Despite a slowdown in growth in the Canadian cannabis market, retailer High Tide (High Tide Stock Quote, Charts, News, Analysts, Financials TSXV:HITI) continues to show solid progress, according to Beacon Securities analyst Doug Cooper. And with competitor Fire & Flower recently filing for bankruptcy protection, the long-awaited consolidation in the cannabis retail market is now happening, Cooper said in his Thursday report, with HITI set to benefit.
High Tide, which owns the Canna Cabana line of cannabis stores in Canada, with currently 153 locations across British Columbia, Alberta, Saskatchewan, Manitoba and Ontario, announced its fiscal second quarter 2023 financials on Wednesday for the period ended April 30.
The company reported its 13th straight positive adjusted EBITDA quarter, delivering Q2 adjusted EBITDA of $6.6 million compared to $2.4 million a year ago. Revenue increased by 46 per cent year-over-year to $118.1 million.
High Tide said its share of the Canadian retail market outside of Quebec rose from nine per cent to 9.5 per cent, while its same-store sales grew by 30 per cent year-over-year to $687,000 for an annualized revenue per store of $2.7 million.
“We remain on track towards achieving our communicated goal of generating positive free cash flow by the end of calendar 2023,” said President and CEO Raj Grover in a statement.
“Our focus on operating efficiencies and the continued execution of our business plan has set us apart from many of our competitors, some of whom continue to experience significant operational and financial headwinds,” he said.
Cooper said the fiscal Q2 financials were better than expected, pointing to key performance indicators that continue to trend in the right direction, notably, market share at 9.5 per cent, revenue per store, which Cooper said will go up as more consolidation in the space occurs, and costs per store, which continue to decline for High Tide and help support EBITDA growth.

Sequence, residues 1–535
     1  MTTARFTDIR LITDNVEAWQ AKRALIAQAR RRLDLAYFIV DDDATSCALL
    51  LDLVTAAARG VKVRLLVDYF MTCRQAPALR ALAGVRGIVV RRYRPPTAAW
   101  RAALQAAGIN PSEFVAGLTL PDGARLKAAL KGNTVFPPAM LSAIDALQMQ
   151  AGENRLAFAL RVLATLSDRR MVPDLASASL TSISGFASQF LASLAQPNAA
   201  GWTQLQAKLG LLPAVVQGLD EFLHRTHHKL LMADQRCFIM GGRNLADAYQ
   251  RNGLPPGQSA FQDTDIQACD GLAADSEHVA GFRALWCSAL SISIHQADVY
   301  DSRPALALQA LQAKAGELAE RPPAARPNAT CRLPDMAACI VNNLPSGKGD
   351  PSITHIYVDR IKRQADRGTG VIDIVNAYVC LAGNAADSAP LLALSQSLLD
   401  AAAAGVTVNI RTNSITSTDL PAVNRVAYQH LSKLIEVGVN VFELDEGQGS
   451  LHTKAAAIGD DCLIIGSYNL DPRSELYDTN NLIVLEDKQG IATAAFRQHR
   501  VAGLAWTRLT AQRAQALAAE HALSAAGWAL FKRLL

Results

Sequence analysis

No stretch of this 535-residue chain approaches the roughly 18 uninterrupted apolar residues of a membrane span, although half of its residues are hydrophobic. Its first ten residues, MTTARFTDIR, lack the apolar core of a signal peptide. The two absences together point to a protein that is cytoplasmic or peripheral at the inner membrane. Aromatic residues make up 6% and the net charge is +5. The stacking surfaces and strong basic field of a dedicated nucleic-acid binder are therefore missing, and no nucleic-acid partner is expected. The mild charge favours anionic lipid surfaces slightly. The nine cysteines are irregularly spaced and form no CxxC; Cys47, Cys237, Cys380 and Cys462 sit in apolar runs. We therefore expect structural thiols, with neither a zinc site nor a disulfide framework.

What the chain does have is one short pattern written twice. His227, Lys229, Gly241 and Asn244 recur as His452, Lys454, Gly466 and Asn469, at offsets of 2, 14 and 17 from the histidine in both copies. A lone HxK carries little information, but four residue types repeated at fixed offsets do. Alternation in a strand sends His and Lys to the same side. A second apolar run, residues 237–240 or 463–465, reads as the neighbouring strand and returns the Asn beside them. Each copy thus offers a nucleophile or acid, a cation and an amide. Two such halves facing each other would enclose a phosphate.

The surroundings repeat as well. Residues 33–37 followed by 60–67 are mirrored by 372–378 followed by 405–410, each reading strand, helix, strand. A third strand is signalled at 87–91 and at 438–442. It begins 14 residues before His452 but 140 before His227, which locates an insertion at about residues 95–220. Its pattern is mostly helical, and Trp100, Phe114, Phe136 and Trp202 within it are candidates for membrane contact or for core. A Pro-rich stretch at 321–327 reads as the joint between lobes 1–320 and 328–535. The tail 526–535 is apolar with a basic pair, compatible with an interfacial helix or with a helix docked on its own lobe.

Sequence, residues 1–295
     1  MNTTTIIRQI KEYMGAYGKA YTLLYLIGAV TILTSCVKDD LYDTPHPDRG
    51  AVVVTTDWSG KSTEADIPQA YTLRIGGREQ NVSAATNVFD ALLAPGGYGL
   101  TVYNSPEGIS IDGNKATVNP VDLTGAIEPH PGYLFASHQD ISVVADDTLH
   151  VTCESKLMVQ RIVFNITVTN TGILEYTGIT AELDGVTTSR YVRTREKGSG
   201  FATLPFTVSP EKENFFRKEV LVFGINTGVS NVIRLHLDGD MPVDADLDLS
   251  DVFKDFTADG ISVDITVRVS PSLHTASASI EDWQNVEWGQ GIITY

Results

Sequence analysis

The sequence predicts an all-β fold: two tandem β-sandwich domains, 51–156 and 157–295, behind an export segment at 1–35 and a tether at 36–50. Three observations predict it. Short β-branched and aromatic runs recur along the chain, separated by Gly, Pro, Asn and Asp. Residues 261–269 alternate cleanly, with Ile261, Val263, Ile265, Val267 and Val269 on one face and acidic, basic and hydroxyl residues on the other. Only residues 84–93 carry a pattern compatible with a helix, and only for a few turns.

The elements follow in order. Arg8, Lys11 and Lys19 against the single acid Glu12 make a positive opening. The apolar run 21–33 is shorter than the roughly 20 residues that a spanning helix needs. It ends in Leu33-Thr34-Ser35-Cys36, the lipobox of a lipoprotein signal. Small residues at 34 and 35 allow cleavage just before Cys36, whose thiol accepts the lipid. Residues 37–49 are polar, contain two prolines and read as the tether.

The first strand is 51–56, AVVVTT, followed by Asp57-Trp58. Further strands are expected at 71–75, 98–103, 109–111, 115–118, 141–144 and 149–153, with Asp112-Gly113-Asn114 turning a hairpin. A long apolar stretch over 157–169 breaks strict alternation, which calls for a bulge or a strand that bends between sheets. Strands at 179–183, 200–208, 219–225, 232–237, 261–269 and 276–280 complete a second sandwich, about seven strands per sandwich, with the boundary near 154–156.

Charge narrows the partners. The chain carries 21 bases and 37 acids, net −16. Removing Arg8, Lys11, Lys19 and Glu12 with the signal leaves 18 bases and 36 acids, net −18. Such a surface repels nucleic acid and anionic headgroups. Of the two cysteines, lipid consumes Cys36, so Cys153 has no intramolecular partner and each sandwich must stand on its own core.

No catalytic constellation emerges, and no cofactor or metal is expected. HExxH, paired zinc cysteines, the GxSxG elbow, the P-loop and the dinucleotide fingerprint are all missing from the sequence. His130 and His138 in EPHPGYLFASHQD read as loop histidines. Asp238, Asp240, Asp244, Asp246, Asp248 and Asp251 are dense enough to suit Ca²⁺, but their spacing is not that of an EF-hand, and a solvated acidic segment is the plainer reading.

On the Fire & Flower news, Cooper said it’s still TBD what will happen to its retail stores, but it’s fair to say that HITI will benefit, either directly from buying some of FAF’s stores or from picking up sales if and when some of those stores close.
“We believe we are (finally) seeing the consolidation in the Canadian retail market that, as the largest retailer in the country, will benefit HITI from both a revenue and margin perspective,” Cooper said.
With the update, Cooper maintained a “Buy” rating and $4.50 target price on High Tide, which implied at the time of publication a 12-month projected return of 162 per cent.
“We expect the consolidation we are seeing amongst both the producers and retailers will continue to leave only a handful of viable players in each segment. We believe HITI will be one of those winners,” Cooper wrote.
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